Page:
WACO (January 21, 2010)--Baylor baseball student-athletes, coaches and various members of the support staff will leave early Friday morning to embark on a six-day Humanitarian trip to Havana, Cuba.
Once in Havana, the team will work through the Baptist Convention of Western Cuba on a variety of projects, including the renovation of a Soviet-era sports complex. The team also plans to host baseball clinics, but due to NCAA rules, the players are not allowed to participate or compete in any organized games.
With the help of Caring Partners International, three containers carrying an estimated $200,000 worth of goods have been shipped to Cuba. The team will arrive in Havana Friday evening and return home on Wednesday, just two days before official workouts for the 2010 season begin.
Head coach Steve Smith and four Baylor players participated in a press conference Thursday afternoon to discuss details of the trip. Highlights from the event are below:
Baylor head coach Steve Smith
“Obviously for an event of this nature to take place there is a lot of work that went into it over a fairly lengthy time. It would not have happened without a lot of assistance, a few of them that I want to mention by name. Starting from the (Baylor) President’s office, Dr. Garland has blessed this from day one. I don’t think it would have happened without Mike Morrison, the Director of International Education. He really championed this. You can imagine the red flags that go up over at General Council when you start talking about taking a student group to a Communist country and all of the issues about liability and health care. General Counsel has asked all of the right questions and they have done due-diligence on this as well, and we appreciate them. At the end of the day I don’t know that it would have happened without the assistance of Rep. Chet Edwards, his staff in Waco and his staff in Washington D.C. helping to get the license through the process that it has to go through, which is not an easy task.”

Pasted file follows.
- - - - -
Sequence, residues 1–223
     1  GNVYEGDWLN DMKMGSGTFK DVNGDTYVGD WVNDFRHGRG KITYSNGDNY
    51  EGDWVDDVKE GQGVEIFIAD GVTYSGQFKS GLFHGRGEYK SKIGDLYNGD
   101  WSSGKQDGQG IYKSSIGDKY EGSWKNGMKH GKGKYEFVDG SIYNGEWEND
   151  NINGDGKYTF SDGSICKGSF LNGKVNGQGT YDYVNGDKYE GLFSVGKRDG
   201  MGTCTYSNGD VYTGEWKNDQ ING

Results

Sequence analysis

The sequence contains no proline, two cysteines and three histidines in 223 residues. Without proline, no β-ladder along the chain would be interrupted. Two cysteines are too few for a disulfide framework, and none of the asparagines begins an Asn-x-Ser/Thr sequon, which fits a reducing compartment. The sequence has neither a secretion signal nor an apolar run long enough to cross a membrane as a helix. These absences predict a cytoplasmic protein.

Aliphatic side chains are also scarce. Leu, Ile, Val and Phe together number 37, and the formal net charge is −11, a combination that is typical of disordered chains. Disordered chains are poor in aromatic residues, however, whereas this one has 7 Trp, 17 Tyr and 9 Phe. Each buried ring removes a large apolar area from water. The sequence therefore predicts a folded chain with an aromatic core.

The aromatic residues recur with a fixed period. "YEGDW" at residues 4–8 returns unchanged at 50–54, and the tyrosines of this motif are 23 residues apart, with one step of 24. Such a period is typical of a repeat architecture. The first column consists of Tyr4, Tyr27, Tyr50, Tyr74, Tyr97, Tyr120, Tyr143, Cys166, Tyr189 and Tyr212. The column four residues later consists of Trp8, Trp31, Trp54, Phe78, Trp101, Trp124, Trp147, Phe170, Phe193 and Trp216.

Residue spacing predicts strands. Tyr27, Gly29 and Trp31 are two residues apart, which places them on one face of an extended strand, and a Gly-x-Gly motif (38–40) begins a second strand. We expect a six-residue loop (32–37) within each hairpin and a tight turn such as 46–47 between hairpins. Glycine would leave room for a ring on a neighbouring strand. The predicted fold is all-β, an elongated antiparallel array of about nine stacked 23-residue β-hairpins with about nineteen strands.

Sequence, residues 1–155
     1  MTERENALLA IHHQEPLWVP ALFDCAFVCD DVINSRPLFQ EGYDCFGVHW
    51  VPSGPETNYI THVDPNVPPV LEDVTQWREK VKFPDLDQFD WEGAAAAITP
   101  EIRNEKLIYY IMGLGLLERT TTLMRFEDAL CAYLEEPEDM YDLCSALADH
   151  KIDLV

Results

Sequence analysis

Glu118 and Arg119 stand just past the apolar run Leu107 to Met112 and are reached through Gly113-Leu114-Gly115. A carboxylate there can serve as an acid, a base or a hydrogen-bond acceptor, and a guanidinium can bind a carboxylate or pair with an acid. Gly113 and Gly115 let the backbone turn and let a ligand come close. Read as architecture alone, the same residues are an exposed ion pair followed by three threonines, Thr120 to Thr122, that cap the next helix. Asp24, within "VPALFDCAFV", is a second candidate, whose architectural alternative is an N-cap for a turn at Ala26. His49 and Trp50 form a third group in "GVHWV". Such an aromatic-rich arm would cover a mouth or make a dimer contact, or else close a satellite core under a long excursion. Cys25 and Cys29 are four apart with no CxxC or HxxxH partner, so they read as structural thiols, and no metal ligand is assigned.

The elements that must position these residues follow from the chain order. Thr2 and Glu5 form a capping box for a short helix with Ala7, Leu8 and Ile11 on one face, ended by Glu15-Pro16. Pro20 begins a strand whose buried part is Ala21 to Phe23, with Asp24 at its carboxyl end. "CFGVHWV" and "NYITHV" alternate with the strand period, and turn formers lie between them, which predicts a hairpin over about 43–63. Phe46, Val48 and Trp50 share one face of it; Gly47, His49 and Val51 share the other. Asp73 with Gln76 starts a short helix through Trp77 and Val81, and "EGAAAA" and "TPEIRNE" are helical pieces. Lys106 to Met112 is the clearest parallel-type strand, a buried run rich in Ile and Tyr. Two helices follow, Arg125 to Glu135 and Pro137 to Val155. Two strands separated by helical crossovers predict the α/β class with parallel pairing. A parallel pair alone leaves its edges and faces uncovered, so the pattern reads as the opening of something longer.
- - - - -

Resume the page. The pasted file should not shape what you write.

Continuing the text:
On the activities of the trip:
“Once we get there we will be doing a number of things, one of which is renovating a recreation area which includes a baseball stadium, a baseball surface and basketball and volleyball areas. This complex was built in the 1980s when the Russians were there, and since they left it has just gone downhill. We are talking about a neighborhood that could have a very playable surface and a place to take care of, but they don’t have it right now. In addition to that, the Baptist Convention of Western Cuba operates a nursing home. We have a couple of dentists going along with us and one of the things that they are in need of is a dental office. In partnership with Caring Partners we have already shipped a couple hundred-thousand dollars worth of humanitarian aid over there. It has already arrived there in containers and some of that was dental equipment. The dentists that are going with us, with the help from some of our players, will be installing that dental equipment and setting up that office with them.”
On interacting with Cuban baseball players:
“We will have some opportunities to interact with some Cuban players. In this time frame that we are taking this trip, this is not an international tour. We can’t play games right now. NCAA rules prohibit you from taking an international tour and playing games within the 30-day window prior to your practice starting. We are in an eight hour per week window right now where we can do strength and conditioning for six and baseball for two hours. That is the window that we will continue to operate in while we are there. It will give us the same opportunity to do the same things that we are doing here, we will just get the opportunity to do them in there and we will do them many times with Cuban players in our presence and amongst us. I think the interaction that our guys will have with those guys will be very beneficial.”